Medical Mistrust, Perceived Discrimination, and Satisfaction With Health Care Among Young-Adult Rural Latinos

Author: Daniel F. López-Cevallos, S. Marie Harvey, Jocelyn T. Warren
Publisher: The Journal of Rural Health
Date: 02/2014

Little research has analyzed mistrust and discrimination influencing receipt of health care services among Latinos, particularly those living in rural areas. This study examined the associations between medical mistrust, perceived discrimination, and satisfaction with health care among young-adult rural Latinos.

Residential Hierarchy in Los Angeles: An Examination of Ethnic and Documentation Status Differences David A. Cort, Ken-Hou Lin, Gabriela Stevenson

Residential Hierarchy in Los Angeles: An Examination of Ethnic and Documentation Status Differences

Author: David A. Cort, Ken-Hou Lin, Gabriela Stevenson
Publisher: Social Science Research
Date: 01/2014

Longitudinal event history data from two waves of the Los Angeles Family and Neighborhood Survey are used to explore racial, ethnic, and documentation status differences in access to desirable neighborhoods. We first find that contrary to recent findings, undocumented Latinos do not replace blacks at the bottom of the locational attainment hierarchy. Whites continue to end up in neighborhoods that are less poor and whiter than minority groups, while all minorities, including undocumented Latinos, end up in neighborhoods that are of similar quality. Second, the effects of socioeconomic status for undocumented Latinos are either similar to or weaker than disadvantaged blacks. These findings suggest that living in less desirable neighborhoods is a fate disproportionately borne by non-white Los Angeles residents and that in some limited ways, the penalty attached to being undocumented Latino might actually be greater than the penalty attached to being black.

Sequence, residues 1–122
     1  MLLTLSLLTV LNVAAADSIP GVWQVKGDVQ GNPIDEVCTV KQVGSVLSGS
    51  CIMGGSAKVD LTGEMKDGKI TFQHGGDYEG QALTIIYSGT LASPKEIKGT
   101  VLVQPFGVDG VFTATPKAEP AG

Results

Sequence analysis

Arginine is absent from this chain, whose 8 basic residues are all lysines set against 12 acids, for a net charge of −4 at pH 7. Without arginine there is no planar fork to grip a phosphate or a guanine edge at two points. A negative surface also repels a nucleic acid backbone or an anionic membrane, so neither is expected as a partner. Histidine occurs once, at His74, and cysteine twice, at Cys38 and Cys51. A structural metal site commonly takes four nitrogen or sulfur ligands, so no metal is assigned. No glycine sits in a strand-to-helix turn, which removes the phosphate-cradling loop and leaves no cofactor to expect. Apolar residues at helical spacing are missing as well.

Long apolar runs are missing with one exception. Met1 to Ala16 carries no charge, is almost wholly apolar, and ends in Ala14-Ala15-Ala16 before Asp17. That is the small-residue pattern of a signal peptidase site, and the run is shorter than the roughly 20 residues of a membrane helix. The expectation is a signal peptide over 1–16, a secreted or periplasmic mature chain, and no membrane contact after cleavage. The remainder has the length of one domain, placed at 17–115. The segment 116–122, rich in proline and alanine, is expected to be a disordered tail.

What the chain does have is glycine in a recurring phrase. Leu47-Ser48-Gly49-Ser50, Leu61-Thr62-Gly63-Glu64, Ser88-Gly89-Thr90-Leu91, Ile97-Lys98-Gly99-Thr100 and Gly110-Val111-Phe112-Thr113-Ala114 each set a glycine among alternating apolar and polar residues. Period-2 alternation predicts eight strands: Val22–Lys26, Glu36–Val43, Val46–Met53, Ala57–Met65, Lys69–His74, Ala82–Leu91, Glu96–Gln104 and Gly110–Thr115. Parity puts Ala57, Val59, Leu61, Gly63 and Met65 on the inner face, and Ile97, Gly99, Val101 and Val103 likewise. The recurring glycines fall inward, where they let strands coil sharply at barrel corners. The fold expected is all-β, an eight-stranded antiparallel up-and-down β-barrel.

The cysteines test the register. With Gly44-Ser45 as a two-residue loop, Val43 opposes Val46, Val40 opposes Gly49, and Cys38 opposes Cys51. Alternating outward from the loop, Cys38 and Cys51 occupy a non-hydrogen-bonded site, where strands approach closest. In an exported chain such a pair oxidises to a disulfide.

Are Latino Immigrants a Burden to Safety Net Services in Non-Traditional Immigrant States? Lessons from Oregon Daniel López-Cevallos

Are Latino Immigrants a Burden to Safety Net Services in Non-Traditional Immigrant States? Lessons from Oregon

Author: Daniel López-Cevallos
Publisher: American Journal of Public Health
Date: 12/2013

The significant growth of the Latino population in the midst of an economic recession has invigorated anti-Latino, anti-immigrant sentiments in many US states. One common misconception is that Latino immigrants are a burden to safety net services. This may be particularly true in nontraditional immigrant states that have not historically served Latino immigrants. Oregon data suggest that despite a higher prevalence of poverty, use of safety net services among Latino immigrants in Oregon is lower than that among non-Latino Whites. Immigration status, costs, lack of insurance coverage, and discrimination are among the reasons for this group’s limited use of services. Nevertheless, policies designed to strengthen community and institutional support for Latino immigrant families should be considered in the context of current health care and immigration reform efforts.